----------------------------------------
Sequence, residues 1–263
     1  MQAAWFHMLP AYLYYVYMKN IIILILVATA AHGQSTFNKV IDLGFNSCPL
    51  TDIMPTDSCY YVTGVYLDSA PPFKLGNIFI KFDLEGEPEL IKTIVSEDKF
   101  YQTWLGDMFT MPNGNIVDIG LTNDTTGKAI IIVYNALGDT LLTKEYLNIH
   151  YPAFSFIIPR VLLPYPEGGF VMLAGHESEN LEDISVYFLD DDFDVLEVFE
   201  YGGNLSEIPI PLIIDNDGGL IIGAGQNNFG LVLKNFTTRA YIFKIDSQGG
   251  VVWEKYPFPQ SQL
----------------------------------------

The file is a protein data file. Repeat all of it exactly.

Sequence, residues 1–263
     1  MQAAWFHMLP AYLYYVYMKN IIILILVATA AHGQSTFNKV IDLGFNSCPL
    51  TDIMPTDSCY YVTGVYLDSA PPFKLGNIFI KFDLEGEPEL IKTIVSEDKF
   101  YQTWLGDMFT MPNGNIVDIG LTNDTTGKAI IIVYNALGDT LLTKEYLNIH
   151  YPAFSFIIPR VLLPYPEGGF VMLAGHESEN LEDISVYFLD DDFDVLEVFE
   201  YGGNLSEIPI PLIIDNDGGL IIGAGQNNFG LVLKNFTTRA YIFKIDSQGG
   251  VVWEKYPFPQ SQL